While I’m here can I just ask if anything’s being done to fix the glitch in the comments columns that renders all replies to comments and subsequent replies to replies in narrower and narrower columns until they become unreadable. This happens on my phone and my Kindle Fire. Not checked my laptop yet. Apologies if it’s in hand, I know there are teething problems with the new format.
September 27, 2015 @ 2:18 pm
Yeah, the big revision of the comments system should be beginning tomorrow.
September 27, 2015 @ 5:39 pm
September 27, 2015 @ 1:56 pm
Great piece. Food for thought.
Going off on a tangent, if not a right-angle to the thrust of the article, I’m glad that someone somewhere is pointing out “that extreme acts of cruelty require a high level of empathy”. I’ve been increasingly baffled in recent years by what seems to be an emerging conventional wisdom that directly equates evil with a lack of empathy. Transparent nonsense, but there seems to be no end of ostensibly intelligent people peddling it.
September 27, 2015 @ 2:18 pm
I mean, as I said, the corollary to that is that extreme acts of cruelty are seldom required, and that sociopathic non-empathy will usually suffice.
September 27, 2015 @ 3:33 pm
Indeed – that was what I meant about going off at right-angles to the line you were taking. I was emphasising the thing that you were acknowledging but de-emphasising, just because I found it refreshingly sane in relation to the thinking on the subject that seems to be knocking around lately, not because I have any disagreement with your main point.
September 28, 2015 @ 11:10 am
I think the idea is, you need to have empathy in order to imagine what would hurt somebody the most.
September 28, 2015 @ 6:24 pm
“Undoubtedly” is putting it a bit strongly. I’d need to see some examples—the notion of a link between high empathy and cruelty doesn’t correlate with anything I’ve read about serial killers, war criminals and so forth in real life.
September 28, 2015 @ 4:57 am
Out of curiosity: are there any good sources on-line or otherwise, that talk in more detail about the relationship between empathy and acts of cruelty? I must admit, I was (am) one of those people linking evil to lack of empathy, to the extent that I dismissed that line from Hannibal as a bit of poetic nonsense – so I’d love to correct my ignorance. I’m looking that up on my own, of course, but I would also appreciate any recommended readings, should you have some.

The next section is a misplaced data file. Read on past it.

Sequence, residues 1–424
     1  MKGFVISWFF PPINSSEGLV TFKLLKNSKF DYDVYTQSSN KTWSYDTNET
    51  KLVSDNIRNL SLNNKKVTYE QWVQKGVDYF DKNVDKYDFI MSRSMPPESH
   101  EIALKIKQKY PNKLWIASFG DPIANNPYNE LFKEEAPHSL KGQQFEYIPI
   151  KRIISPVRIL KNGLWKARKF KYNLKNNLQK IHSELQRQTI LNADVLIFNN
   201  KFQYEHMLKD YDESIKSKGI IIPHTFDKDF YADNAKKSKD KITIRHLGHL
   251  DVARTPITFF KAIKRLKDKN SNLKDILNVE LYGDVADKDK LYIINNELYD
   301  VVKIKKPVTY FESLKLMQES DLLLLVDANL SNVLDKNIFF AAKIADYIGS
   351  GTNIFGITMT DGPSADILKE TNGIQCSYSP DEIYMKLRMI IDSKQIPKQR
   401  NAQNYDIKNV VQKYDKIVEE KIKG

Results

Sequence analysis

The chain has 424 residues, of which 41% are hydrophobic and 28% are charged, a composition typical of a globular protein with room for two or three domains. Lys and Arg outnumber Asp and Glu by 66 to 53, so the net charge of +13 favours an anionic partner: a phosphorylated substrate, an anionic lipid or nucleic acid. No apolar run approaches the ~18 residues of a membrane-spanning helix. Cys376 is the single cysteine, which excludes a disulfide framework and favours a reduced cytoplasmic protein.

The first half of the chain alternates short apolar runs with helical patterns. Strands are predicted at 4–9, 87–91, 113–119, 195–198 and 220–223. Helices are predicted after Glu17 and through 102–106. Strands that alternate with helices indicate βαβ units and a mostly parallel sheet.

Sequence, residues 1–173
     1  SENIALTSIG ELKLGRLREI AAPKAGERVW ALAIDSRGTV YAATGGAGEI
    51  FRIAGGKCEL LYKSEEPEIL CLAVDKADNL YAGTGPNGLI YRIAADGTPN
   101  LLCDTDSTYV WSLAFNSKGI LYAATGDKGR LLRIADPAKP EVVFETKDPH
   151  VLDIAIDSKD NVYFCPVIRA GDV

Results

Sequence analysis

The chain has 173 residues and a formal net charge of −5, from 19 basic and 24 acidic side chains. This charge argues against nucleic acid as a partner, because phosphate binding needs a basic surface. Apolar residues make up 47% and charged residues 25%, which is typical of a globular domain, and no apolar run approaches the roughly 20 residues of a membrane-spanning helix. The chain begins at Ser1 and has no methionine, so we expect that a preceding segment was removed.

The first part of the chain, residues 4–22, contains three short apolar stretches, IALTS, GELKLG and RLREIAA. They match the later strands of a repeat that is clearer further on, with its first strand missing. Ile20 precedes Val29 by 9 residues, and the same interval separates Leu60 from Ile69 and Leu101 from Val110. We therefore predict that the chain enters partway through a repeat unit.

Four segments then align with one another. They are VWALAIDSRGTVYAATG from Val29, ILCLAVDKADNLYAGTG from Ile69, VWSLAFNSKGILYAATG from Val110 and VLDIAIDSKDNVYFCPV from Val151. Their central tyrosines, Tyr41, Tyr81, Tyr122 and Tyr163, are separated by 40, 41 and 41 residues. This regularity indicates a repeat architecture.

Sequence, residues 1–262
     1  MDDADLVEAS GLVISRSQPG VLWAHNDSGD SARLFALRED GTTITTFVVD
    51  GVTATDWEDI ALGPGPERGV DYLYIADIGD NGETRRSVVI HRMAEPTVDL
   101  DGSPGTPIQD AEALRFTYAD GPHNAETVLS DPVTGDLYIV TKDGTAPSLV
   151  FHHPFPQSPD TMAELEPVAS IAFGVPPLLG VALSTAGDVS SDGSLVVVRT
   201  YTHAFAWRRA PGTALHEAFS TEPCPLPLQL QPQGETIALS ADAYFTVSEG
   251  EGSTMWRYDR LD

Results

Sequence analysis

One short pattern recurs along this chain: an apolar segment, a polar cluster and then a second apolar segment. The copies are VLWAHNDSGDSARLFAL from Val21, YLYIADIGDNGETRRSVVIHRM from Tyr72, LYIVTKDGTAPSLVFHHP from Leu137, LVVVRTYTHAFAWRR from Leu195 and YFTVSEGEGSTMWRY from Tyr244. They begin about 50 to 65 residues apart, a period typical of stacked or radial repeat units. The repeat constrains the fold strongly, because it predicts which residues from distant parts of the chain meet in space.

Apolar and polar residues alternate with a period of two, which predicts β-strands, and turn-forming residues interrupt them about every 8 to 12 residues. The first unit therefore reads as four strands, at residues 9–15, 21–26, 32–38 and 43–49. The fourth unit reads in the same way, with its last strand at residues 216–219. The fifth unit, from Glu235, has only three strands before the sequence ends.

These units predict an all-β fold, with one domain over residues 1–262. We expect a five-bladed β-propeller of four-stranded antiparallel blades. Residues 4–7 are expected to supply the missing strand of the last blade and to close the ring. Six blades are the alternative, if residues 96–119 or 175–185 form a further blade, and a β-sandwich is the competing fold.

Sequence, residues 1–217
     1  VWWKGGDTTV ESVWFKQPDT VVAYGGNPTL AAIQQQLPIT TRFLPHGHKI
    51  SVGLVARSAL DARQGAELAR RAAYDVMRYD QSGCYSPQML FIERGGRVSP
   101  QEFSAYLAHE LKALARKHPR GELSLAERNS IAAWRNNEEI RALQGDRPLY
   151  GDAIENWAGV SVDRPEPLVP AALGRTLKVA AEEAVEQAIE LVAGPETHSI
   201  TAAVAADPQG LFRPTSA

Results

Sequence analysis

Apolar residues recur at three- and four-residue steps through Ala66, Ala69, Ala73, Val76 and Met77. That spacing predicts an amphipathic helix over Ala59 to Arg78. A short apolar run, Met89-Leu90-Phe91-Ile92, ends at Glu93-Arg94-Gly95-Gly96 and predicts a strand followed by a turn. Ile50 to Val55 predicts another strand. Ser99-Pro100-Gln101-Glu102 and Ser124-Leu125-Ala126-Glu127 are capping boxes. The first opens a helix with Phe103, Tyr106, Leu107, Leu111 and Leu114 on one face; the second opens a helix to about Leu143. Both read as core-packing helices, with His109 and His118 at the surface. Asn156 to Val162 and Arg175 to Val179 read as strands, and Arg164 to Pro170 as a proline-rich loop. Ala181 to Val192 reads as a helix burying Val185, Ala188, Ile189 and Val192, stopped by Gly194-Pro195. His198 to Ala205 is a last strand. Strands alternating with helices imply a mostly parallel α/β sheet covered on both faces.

September 28, 2015 @ 8:27 am
Simon Baron Cohen’s book may offer some insight:
September 28, 2015 @ 9:50 am
September 28, 2015 @ 10:09 am
I’m afraid you overestimate the sophistication of my engagement with this – I’m just talking about how things seem to me. But to me it seems pretty clear.
On the methodological level, arguably any act of deliberate cruelty, certainly any sophisticated one, is an attempt to change someone else’s emotional condition, requiring the ability to imagine that condition and its dynamics. Ingenious, tailor-made cruelty calls for a sensitive appreciation of someone else’s internal life, an ability to to put yourself into their shoes and imagine how an experience would make you feel, adjusting as appropriate for ways in which they differ from you. The most effective bullies and torturers rely on empathy just as the most effective nurses do.
The methodology of evil also benefits from empathetic engagement with people other than the direct target. The effective deployment of cruelty to someone as a deterrent example to others, or, conversely, as a deliberate provocation, rests on a proper appreciation of the effect the spectacle will have on the audience.
Now, it could probably be argued that this methodological effect can be accomplished as a totally objective, mechanistic exercise, without any vicarious engagement with other people’s putative feelings, and that empathy can be defined in terms that mean that this does not qualify as such. I don’t think that’s right, but it seems like a logically viable line of argument.